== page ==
The Pickle

The jar is still in the garage refrigerator. I’m not sure how Kevin managed to get it home sometime in those last weeks before he died. It’s the big jar – 2.5 quarts. Hauling that and his portable oxygen tank through the store couldn’t have been easy – but he loved those giant dill pickles.

The jar is still there, still half-full. He didn’t get them all eaten before he died, and I didn’t think about tossing the jar because cleaning out the garage refrigerator was not on my radar last summer. I barely cleaned out the refrigerator in the kitchen this past year.

I’m not sure what to do with the jar now. It’s obviously over a year old, but I don’t want to throw it out. Kevin touched it. That means something, though I’m not sure what.


I heard the garage door rattle up and the truck roared into its parking spot. For a second after the engine stopped, I could hear talk radio blaring through the closed windows and garage wall. Then it was quiet. The kitchen door still didn’t open, and I knew what was going on. Sure enough, when Kevin walked through the door to give me a kiss, his lips were cool and tasted of pickles.

“Ewww! Did you just drink pickle juice?” I backed away, holding my nose after a quick peck.

He laughed, admitted to his crime, and tried to pull me closer for another kiss, just to tease me. Little Bear had come running at the sound of the word “pickle” and now danced around our legs, jumping up and down. “Daddy, where’s my pickle?! Daddy, can I please have one of your pickles?! Please?!”

I just groaned.

And knew that in about five minutes, after he’d changed into some sweatpants and a t-shirt, the two of them would be sitting in the recliner, watching cartoons, and crunching on giant salty dill pickles.

Those two and their pickles.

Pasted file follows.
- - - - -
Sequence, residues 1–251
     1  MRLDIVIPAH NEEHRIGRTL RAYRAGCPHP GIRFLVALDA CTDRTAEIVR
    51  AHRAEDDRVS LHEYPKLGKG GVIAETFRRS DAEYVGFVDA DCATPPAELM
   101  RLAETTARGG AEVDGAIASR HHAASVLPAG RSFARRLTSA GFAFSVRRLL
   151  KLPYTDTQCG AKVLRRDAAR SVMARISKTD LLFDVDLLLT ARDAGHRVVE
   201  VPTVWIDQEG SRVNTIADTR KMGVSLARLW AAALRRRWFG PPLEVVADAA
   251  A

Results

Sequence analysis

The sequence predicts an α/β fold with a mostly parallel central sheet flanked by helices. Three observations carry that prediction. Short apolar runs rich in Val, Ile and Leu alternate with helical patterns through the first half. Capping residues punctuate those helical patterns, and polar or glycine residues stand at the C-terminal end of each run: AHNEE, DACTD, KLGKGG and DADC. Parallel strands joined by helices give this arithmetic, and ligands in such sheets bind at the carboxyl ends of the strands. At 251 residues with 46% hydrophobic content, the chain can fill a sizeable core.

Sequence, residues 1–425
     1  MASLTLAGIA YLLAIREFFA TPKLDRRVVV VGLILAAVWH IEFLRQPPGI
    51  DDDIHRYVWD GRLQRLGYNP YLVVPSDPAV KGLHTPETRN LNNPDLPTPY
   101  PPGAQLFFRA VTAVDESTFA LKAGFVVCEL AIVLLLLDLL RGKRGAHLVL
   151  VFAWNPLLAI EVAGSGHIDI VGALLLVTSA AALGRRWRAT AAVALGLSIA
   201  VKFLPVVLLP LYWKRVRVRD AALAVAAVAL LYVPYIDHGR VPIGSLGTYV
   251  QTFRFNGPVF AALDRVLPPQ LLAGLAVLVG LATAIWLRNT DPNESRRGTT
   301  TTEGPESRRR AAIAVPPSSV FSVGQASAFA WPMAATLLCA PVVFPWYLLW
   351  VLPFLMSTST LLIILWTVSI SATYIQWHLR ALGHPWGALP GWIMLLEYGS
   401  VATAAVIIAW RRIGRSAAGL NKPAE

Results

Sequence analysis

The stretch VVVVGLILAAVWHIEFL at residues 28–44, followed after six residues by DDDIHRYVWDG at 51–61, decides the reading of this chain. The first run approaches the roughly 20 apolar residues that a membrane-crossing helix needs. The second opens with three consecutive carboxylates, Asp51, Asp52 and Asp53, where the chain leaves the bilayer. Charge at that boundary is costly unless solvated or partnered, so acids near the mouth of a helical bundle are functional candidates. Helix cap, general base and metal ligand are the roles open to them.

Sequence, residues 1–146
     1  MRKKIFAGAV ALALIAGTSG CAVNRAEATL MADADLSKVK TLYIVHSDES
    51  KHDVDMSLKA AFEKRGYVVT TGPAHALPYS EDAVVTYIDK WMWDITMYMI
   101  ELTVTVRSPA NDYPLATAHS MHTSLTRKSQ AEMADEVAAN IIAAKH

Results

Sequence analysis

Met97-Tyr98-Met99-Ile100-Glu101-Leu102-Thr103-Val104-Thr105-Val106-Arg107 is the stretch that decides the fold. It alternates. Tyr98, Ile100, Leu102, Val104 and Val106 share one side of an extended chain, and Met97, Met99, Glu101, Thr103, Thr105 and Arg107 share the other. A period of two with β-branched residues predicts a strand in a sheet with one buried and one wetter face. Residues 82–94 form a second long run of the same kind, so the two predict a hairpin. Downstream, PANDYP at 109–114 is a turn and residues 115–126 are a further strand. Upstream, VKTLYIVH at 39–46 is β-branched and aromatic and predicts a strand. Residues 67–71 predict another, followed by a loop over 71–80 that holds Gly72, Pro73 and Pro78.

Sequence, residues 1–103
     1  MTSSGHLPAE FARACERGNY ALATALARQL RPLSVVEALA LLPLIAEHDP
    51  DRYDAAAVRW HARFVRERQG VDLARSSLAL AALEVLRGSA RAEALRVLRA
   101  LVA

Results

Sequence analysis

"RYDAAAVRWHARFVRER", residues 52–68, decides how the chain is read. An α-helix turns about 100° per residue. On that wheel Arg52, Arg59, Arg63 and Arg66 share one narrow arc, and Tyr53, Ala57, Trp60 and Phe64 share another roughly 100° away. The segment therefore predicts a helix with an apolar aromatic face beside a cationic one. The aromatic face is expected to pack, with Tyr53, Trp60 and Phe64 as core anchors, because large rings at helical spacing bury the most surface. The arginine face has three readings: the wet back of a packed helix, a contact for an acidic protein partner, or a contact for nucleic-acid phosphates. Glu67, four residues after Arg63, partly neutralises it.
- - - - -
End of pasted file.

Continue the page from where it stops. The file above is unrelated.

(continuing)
We wandered around the Renaissance Faire, clutching various treasures she’d accumulated along the way: a dragon’s teardrop, a few jewels, a homemade pirate flag, some business cards. After the jousting tournament and her presentation to the queens upon completion of the Kids Quest, I asked her:

“So, Bear, are we about done? Is there anything else we need to do before we head out?”

We took a few more steps along the tree-shaded path, our feet making little clouds of dust in the road as we passed by the storyteller, dramatically waving her arms about to illustrate her story. Another few steps and then, very quietly:

“Well, Mama, did you forget about my pickle?”

The pickle.

We’d seen a cart by the jousting field. A black chalkboard advertised in scrawling white letters: PICKLES $1.00.

“Look, Mama! Daddy’s pickles!”

And I promised her we’d get one when we finished the Quest. And then, over the course of the afternoon, I’d forgotten because pickles have never been high on my list.

But she’s her Daddy’s girl. And those two love their pickles.

I looked at her pleading eyes, shook my head with a wry grin, and we backtracked through the village, on a quest for a pickle. I passed over the dollar, and my girl accepted the giant dill pickle with an equally giant smile on her face. We wandered down into the shady hollow and found a little bench, tucked back from the dusty trail.

CRUNCH! She bit in and the pickled skin snapped and the smell of vinegar floated in the air around us.

CRUNCH! I saw Kevin’s laughing face and tasted the dill on his mouth.

CRUNCH! Her cool lips brushed my cheek in a quick kiss in between bites.

“Daddy and I love big pickles, don’t we, Mama?” She kicked her legs happily, the smile never leaving her face even while she crunched away on her icy treat.

I nodded.

“Why do we like pickles so much, Mama?” She wasn’t necessarily looking for an answer, it was just part of the script surrounding my two pickle people.

I shook my head and shrugged my shoulders. “Maybe because you’re sour?” Her delighted laugh rang out through the trees. “Maybe because you’re so ‘dilly’?” Somehow a giggle escaped around the bite in her mouth.

It didn’t really hit me until later. But if I think about it, the whole point of pickling something is to preserve it, to flavor it, to make it last. And eating pickles is a way to keep Daddy close to her; it’s something the two of them shared – even down to drinking the leftover juice from the jar. Maybe she likes pickles so much because she loves her Daddy so much. Maybe eating these sour pickles flavors her memories of him with a sweetness only the two of them could ever understand. Maybe these giant dill pickles preserve Daddy in her heart, keep him with her in a way that only she can appreciate.

Those two and their pickles…

The jar is still in the garage refrigerator. I think for now…it needs to stay.


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